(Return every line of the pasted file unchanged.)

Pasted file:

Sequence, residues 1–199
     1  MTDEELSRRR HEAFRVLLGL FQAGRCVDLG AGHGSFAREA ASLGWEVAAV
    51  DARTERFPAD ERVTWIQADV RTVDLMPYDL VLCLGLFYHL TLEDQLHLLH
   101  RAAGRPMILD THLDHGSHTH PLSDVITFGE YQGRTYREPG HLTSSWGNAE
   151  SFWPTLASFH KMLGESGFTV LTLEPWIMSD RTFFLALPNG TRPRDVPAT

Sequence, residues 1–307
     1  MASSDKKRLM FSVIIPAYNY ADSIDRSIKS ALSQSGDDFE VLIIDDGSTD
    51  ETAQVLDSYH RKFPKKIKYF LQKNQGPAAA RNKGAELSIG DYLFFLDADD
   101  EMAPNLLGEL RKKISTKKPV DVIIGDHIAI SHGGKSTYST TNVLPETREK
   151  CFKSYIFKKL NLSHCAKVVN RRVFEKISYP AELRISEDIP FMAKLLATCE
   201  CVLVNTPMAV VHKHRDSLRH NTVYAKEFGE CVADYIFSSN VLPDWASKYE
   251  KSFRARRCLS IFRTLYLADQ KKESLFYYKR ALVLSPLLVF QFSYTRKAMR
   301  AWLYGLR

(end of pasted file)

Sequence, residues 1–199
     1  MTDEELSRRR HEAFRVLLGL FQAGRCVDLG AGHGSFAREA ASLGWEVAAV
    51  DARTERFPAD ERVTWIQADV RTVDLMPYDL VLCLGLFYHL TLEDQLHLLH
   101  RAAGRPMILD THLDHGSHTH PLSDVITFGE YQGRTYREPG HLTSSWGNAE
   151  SFWPTLASFH KMLGESGFTV LTLEPWIMSD RTFFLALPNG TRPRDVPAT

Sequence, residues 1–307
     1  MASSDKKRLM FSVIIPAYNY ADSIDRSIKS ALSQSGDDFE VLIIDDGSTD
    51  ETAQVLDSYH RKFPKKIKYF LQKNQGPAAA RNKGAELSIG DYLFFLDADD
   101  EMAPNLLGEL RKKISTKKPV DVIIGDHIAI SHGGKSTYST TNVLPETREK
   151  CFKSYIFKKL NLSHCAKVVN RRVFEKISYP AELRISEDIP FMAKLLATCE
   201  CVLVNTPMAV VHKHRDSLRH NTVYAKEFGE CVADYIFSSN VLPDWASKYE
   251  KSFRARRCLS IFRTLYLADQ KKESLFYYKR ALVLSPLLVF QFSYTRKAMR
   301  AWLYGLR